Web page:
But the focal point of the east coast remains Hobart, a city steeped in maritime tradition and with a nautical theme permeating many of its waterfront restaurants. Seafood is plentiful and deliciously fresh, with the local salmon giving Scotland and Norway's best a run for its money.
Visitors are unlikely to be let down by the oysters and rock lobster either - especially if washed down by one of the island's crisp rieslings. I am a little more reluctant to recommend some of Tasmania's young, rather oomph-lacking reds.
As cities go, Hobart has to be among the most laid-back ones you could experience anywhere. The population is about 250,000, and probably the only place you can be guaranteed to get that shoulder-to-shoulder feeling is Salamanca Market - and then only on a Saturday when half the city seems to be there for its 'big day'.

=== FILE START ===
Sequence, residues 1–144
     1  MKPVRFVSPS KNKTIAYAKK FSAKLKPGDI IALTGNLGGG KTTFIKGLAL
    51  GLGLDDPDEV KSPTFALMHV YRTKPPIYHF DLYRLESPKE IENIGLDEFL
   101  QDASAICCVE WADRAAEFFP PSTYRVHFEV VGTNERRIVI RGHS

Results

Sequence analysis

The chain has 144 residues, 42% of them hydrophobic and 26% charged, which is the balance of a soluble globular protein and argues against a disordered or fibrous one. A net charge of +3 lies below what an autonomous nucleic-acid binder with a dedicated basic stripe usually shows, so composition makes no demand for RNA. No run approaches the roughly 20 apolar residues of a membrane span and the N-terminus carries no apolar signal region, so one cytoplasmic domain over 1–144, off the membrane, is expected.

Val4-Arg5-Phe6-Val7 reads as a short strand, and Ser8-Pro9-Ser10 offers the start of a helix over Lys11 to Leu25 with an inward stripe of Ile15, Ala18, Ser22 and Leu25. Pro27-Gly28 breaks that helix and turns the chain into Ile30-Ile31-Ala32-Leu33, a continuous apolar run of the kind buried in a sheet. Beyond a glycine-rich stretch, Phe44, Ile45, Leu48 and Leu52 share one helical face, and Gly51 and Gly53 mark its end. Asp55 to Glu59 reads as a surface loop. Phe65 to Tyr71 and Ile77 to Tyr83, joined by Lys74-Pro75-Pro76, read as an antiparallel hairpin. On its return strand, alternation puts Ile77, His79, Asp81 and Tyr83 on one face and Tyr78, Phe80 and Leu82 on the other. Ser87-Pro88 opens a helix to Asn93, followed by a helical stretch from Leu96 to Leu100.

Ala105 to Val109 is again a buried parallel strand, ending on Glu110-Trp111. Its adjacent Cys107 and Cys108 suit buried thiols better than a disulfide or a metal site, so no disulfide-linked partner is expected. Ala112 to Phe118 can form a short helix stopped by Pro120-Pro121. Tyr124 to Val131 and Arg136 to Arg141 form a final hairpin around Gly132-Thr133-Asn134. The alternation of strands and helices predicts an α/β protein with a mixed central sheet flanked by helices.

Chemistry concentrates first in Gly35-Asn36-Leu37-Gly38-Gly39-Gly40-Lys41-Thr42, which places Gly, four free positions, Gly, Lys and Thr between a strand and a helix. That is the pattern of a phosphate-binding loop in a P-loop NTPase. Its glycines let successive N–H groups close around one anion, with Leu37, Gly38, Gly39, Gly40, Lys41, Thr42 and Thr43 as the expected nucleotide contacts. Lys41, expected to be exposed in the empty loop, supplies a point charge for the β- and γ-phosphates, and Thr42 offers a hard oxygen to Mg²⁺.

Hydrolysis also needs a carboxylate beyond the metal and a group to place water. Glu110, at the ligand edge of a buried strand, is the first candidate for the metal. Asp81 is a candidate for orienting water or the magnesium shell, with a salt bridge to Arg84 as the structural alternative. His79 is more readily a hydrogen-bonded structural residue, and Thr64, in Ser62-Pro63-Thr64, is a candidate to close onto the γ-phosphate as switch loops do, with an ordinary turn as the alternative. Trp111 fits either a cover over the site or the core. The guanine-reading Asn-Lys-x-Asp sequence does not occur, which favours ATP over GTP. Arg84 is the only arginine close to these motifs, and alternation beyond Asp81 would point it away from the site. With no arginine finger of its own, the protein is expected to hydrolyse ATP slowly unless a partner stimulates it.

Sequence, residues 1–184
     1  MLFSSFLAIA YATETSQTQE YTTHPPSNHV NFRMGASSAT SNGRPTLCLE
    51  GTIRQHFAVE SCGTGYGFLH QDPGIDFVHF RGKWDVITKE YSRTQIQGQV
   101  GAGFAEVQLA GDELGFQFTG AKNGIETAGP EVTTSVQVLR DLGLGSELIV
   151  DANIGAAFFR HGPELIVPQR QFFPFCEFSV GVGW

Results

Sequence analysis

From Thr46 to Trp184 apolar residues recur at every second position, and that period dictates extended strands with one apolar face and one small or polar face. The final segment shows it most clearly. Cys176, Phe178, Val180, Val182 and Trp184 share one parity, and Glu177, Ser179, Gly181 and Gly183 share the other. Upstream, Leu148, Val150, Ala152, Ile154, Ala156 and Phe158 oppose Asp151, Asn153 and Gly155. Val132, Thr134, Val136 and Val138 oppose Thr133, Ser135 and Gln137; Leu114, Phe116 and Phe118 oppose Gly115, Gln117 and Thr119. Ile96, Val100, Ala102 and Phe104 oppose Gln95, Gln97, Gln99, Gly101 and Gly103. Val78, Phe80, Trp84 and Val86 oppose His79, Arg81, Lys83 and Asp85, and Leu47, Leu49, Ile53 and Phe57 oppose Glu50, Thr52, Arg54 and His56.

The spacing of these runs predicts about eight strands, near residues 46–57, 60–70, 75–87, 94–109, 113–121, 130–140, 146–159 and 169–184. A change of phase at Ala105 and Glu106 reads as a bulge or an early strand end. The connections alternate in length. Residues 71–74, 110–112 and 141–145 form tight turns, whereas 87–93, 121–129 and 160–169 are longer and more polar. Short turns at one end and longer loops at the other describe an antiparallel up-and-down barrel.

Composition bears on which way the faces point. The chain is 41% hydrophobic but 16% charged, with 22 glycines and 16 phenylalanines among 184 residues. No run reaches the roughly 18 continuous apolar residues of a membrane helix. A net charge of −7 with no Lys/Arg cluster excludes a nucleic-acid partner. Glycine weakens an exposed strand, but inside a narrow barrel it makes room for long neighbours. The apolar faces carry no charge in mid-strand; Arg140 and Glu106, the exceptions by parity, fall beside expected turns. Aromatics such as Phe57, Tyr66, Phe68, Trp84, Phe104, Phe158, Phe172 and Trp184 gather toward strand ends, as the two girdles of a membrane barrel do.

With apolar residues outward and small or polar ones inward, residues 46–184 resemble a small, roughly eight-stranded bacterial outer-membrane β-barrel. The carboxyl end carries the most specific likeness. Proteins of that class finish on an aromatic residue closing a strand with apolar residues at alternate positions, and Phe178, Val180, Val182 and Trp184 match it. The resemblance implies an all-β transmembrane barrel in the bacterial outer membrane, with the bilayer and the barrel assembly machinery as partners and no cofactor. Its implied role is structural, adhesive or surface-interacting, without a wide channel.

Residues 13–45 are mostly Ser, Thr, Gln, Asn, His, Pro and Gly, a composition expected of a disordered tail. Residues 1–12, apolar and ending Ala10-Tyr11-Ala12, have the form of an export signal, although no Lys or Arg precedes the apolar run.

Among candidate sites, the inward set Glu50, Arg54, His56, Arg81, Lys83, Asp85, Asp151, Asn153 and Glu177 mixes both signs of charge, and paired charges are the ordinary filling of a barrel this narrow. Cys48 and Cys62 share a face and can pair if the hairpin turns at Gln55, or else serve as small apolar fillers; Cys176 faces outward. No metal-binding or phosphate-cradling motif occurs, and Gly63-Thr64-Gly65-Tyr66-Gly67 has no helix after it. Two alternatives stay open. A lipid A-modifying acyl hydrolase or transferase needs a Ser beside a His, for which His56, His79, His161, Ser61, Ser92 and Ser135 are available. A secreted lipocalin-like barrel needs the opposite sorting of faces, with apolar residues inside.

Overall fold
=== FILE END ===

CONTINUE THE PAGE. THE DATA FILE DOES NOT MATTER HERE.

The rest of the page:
Locals and tourists rub shoulders amid the tightly bunched stalls, which offer everything from fresh vegetables - several Chinese stall-holders showed off the healthiest-looking greens I have seen - homemade biscuits and hot dogs to famed Tasmanian wood-carved items, jewellery, T-shirts, junk antiques and water-colour paintings.
You could have your fortune told, or an impromptu five-minute massage, or watch the ever-present 'wire man' jabber non-stop to himself beneath his 'Free East Timor' bicycle helmet while he shapes a range of contorted, mock furniture items.
Restored warehouses on Salamanca Place boast upmarket bookshops, antique shops and restaurants of a European, pavement cafe-type, while the tree-lined lawn opposite is a popular meeting point for many of Hobart's grunge-aficionado youths and students.
Tasmania, unfairly to some extent, has something of a 'Hicksville' reputation on mainland Australia, much of it to do with its lingering, state government laws against homosexuality. Local politicians are often at pains to point out that prosecutions, under this stubborn legislation, have not taken place for decades - which, of course, begs the question among gay lobbyists of why it remains on the statute books.